Amsterdam Infomation Model (AIM)
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1 Title/current AIM books
The Amsterdam model for Information Management: A Generic
Framework for Information Management
2 The basics of AIM books
The Amsterdam Information management Model (AIM)
provides a mapping of the relationships between organization
3 AIM books Summary
AIM was developed at the University of Amsterdam (paper:
Abcouwer, A.W., Maes, R. Truijens, J. (1997), ‘Contouren voor
een generiek model voor informatie-management’, Tijdschrift
Informatie en Management). It can be used as a tool for positioning
and interrelating information management functions. It can be
applied to the areas of business-IT alignment and sourcing, and can
be of use when considering IT governance. It offers a high level view
of the entire scope of information management; its main application
is in the analysis of organization and responsibilities.
AIM can be used to support strategic discussions in three
different ways, as shown in the Figure:
• Descriptive, orientation – the framework offers a map of the
entire information management domain, and can be used for
positioning specific information management processes in the
• Specification, design – the framework can be used to reorganize
the information management organization, e.g. to
specify the role of the Chief Information Offi cer (CIO) or
determine the responsibilities of the retained organization in
the case of outsourcing
• Prescriptive, normative – the framework can be used as
a diagnostic instrument to find gaps in an organization’s
information management, and is specifically aimed at
identifying missing interrelationships between the various
components of the framework
On the horizontal axis, the framework distinguishes three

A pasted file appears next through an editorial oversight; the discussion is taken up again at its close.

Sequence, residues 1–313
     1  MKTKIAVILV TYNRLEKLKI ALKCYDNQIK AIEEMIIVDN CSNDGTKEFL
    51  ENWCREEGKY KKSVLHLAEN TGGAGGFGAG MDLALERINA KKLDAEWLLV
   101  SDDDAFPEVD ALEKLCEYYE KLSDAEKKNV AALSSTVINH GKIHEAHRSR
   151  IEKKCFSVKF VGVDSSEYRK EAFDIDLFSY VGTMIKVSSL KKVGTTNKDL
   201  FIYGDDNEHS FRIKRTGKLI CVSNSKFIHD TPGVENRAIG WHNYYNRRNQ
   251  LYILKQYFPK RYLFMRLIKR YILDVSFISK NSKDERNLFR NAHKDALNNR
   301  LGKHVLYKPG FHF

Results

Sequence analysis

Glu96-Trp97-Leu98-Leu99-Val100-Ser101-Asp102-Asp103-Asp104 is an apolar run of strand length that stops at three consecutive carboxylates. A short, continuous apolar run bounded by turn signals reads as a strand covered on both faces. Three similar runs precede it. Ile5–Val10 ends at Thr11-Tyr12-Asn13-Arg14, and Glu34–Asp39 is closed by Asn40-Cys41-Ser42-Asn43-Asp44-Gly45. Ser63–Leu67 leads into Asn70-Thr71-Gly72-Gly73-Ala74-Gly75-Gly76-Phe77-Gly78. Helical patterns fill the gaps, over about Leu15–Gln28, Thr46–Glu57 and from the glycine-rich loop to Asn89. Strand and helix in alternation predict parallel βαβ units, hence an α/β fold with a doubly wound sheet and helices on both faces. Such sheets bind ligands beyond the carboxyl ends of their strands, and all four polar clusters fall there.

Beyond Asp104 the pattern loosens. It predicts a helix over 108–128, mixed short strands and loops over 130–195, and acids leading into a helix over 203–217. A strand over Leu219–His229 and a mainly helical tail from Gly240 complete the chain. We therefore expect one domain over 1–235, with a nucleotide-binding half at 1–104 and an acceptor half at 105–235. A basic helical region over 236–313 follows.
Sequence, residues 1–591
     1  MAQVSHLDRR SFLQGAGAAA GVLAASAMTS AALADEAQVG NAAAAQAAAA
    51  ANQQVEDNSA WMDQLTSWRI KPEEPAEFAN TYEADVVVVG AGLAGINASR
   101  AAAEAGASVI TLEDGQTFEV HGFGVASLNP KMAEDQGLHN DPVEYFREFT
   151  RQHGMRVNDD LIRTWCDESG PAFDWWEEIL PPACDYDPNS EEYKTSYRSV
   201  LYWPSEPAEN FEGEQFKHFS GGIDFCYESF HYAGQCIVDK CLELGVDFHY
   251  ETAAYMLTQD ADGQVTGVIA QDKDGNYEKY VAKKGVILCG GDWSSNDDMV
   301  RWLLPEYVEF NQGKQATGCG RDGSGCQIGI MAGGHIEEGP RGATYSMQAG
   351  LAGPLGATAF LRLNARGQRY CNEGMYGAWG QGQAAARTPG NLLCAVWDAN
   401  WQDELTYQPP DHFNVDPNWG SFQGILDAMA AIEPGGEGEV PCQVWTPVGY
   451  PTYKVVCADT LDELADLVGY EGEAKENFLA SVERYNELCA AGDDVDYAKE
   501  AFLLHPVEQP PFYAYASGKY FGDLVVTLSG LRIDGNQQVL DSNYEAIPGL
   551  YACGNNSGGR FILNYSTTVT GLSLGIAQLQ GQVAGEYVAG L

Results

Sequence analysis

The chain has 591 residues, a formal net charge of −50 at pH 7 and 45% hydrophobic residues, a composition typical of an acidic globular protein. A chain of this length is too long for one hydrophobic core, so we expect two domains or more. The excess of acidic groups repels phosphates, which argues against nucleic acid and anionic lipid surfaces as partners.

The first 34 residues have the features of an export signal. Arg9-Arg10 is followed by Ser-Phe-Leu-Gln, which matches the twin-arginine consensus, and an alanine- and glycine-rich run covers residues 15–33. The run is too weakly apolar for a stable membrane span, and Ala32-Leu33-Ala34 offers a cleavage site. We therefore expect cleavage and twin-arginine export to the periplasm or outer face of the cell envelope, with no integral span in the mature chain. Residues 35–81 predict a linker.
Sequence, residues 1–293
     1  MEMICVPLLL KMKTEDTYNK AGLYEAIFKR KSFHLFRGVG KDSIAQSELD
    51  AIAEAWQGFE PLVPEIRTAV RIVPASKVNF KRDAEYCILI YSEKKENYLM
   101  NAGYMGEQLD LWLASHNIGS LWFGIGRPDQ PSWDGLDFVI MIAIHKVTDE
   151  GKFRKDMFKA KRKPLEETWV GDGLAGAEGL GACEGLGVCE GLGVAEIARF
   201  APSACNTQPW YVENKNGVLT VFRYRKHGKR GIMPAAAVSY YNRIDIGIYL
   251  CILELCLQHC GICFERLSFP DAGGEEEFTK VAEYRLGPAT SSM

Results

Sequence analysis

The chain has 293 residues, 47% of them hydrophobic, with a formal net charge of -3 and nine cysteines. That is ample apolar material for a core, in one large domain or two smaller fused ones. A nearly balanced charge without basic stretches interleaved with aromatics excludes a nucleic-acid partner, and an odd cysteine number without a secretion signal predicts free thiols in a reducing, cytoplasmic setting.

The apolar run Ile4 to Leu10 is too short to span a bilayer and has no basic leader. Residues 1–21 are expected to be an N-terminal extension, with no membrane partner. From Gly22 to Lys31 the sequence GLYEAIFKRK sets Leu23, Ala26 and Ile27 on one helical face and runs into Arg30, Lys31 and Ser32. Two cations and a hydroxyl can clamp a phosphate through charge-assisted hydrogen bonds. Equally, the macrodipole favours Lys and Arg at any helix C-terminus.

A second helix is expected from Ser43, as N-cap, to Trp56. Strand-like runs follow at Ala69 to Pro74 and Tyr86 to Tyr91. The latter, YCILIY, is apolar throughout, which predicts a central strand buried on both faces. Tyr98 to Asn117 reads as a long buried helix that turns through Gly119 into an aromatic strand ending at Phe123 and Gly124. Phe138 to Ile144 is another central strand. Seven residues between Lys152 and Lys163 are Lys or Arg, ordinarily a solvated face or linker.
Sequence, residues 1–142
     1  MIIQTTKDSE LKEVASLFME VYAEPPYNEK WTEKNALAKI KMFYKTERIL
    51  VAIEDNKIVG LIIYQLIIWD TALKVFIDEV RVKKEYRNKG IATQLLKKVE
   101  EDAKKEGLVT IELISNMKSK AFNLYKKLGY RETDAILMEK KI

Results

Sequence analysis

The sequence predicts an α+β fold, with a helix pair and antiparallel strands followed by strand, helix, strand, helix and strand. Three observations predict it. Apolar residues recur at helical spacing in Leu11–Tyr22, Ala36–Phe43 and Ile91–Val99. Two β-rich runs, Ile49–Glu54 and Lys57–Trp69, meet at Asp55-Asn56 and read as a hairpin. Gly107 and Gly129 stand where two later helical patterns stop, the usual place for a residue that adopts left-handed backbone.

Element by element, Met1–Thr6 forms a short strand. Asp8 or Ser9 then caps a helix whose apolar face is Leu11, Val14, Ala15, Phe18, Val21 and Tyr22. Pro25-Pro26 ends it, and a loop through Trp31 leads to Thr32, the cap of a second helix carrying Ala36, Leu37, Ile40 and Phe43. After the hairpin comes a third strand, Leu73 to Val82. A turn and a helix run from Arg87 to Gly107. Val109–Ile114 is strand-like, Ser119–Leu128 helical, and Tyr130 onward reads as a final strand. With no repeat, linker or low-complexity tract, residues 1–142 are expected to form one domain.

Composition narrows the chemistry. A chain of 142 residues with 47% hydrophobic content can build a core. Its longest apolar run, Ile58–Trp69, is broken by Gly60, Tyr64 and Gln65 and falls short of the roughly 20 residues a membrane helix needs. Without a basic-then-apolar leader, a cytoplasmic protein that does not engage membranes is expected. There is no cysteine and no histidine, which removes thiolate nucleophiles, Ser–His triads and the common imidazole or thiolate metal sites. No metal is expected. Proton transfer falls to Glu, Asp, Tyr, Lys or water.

domains of governance:
1. Business – this domain comprises all standard business
functions such as management, HR, resources and processes.
2. Information and Communication (information domain) –
this domain describes how information and communication
supports the business. In this domain, business requirements
are translated into the IT (technology) capabilities that are
needed to support the business.
3. Technology (IT domain) – this domain specifically describes
the development and management of IT solutions.
The vertical axis describes the three levels of governance:
• Strategy (scope, core competences and governance)
• Structure (architecture and competences)
• Operations (processes and skills)
AIM (originally known as the nine square framework) connects
the two dimensions of management and information as the
central components for Information Management. The dotted
line demarks the scope of Business-IT alignment.
4 AIM books target audience
The framework was developed for information managers,
enterprise architects and IT architects.
5 Scope and constraints of AIM books
The scope of the framework is the information management
This framework enables discussions on the topic of business
and IT alignment, but it does not provide information on how
organizations can actually achieve better communications
between business and IT. The framework is not a method, and
cannot be used in a descriptive way; however, it can be a useful
addition to enterprise architecture frameworks such as TOGAF®.
6 AIM books relevant website
www.primavera.fee.uva.nl (Dutch only)